Upon discovery of a flower that makes men fall madly in love, the U.S. government attempts to use its essence for interrogation purposes. But nature fights back.
According to Cherokee legend, a flower exists whose perfume causes men to fall passionately in love with whichever woman is in closest proximity. Its actual smell, however, is undetectable to the male olfactory senses. Only Native American princesses can sniff out the so-called mating flower’s scent. Due to the plant’s manipulative effects on human behavior, the U.S. Department of Defense’s Advanced Research Projects Agency launches an investigation into using its chemical properties as an interrogation tool. John Howell from the Office of Naval Research contracts plant epigeneticist Victoria Banks, cryptologist Sharon McDougall and perfumer Flynn Calhoun to research, extract and synthesize a product the government can use during wartime. But harnessing smell is a tricky business and an accidental emission in the lab complicates working relationships. Meanwhile, the flower is also used to solve a local crime and, later, bust a drug ring. The notion of using nature to manipulate nature is intriguing, especially in the mystery genre, where the idea has the potential to generate complex plots and sub-plots. But the book fails to construct a true mystery. There is a decided lack of suspense and Callaway’s characters spend a lot of time regurgitating clinical, pedantic facts; this heavy-handed clue dropping leaves little to the imagination. Instead of doling out hints to maintain tension, interest and pacing, evidence is delivered in quick, clunky paragraphs full of scientific jargon better suited to a medical journal. What gives this book potential also poses a problem to character development: the flower’s immediate potency prevents relationships from building. Instead, love matches burst into unsatisfying, unromantic existence. A single moment of passion would be a more realistic result than the long-term coupling Callaway affects. The book would also benefit from copyediting to catch redundancies, smooth unnatural dialogue and flesh out meager side stories.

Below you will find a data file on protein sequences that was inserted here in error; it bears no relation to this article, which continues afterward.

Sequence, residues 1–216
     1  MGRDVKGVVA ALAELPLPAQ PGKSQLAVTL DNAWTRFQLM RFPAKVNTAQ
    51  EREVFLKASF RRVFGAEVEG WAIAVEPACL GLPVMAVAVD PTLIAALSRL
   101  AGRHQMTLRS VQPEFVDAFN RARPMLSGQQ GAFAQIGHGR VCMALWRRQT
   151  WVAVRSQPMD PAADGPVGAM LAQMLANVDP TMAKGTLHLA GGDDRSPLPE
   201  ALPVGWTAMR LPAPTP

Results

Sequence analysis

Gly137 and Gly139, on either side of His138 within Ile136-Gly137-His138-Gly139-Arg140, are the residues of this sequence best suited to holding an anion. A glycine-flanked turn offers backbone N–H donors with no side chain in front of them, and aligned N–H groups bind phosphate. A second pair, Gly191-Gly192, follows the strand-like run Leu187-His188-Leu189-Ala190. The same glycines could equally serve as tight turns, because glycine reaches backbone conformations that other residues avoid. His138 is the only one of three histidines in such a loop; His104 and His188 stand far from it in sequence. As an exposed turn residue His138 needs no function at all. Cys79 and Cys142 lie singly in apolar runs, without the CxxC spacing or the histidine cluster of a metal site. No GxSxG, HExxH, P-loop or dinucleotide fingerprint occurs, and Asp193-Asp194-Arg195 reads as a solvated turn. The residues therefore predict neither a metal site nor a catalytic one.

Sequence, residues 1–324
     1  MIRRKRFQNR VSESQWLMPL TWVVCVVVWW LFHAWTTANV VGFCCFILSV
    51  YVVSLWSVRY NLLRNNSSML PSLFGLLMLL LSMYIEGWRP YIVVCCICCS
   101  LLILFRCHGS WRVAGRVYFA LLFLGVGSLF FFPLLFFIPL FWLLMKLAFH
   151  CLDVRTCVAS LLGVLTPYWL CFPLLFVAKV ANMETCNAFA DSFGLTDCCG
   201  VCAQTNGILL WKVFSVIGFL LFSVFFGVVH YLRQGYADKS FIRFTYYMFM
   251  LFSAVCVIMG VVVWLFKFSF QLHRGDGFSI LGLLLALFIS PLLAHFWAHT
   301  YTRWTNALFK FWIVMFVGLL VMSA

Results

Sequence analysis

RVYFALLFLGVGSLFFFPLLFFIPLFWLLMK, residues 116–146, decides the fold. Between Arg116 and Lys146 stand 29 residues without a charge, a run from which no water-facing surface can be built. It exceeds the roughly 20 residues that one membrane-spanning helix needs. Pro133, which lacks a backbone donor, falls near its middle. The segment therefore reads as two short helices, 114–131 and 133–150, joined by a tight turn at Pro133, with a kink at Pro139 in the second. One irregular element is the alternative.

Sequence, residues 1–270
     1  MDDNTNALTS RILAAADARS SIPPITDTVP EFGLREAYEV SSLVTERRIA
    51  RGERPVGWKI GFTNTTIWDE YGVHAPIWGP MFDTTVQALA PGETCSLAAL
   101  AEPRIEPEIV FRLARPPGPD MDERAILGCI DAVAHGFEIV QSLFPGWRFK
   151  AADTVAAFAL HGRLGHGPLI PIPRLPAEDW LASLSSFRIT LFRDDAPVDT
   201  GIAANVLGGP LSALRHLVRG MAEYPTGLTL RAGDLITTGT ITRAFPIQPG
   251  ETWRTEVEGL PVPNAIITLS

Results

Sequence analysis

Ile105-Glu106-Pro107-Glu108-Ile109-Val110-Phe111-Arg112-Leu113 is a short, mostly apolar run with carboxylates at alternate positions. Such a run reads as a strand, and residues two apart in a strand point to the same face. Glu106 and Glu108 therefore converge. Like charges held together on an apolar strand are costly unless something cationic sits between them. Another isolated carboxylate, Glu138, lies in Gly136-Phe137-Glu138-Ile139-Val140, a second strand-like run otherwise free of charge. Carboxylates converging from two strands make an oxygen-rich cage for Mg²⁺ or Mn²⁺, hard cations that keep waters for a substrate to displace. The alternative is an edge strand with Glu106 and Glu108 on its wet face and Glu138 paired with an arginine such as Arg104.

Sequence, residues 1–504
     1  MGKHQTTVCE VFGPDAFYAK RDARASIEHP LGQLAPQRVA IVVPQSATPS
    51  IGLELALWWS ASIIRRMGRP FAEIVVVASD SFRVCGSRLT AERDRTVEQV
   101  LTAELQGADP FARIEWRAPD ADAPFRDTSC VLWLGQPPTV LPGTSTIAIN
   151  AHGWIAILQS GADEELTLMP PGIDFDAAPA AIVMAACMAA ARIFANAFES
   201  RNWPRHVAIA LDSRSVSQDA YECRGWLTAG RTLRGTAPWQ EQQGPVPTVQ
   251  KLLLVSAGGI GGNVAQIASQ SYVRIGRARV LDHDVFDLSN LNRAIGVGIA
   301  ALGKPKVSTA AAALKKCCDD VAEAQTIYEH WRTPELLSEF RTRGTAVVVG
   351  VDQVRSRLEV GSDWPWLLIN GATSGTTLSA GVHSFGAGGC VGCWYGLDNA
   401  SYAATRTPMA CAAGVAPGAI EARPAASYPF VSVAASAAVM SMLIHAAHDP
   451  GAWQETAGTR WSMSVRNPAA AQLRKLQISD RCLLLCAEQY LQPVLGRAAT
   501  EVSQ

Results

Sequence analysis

Lacks the suspense expected in a murder mystery.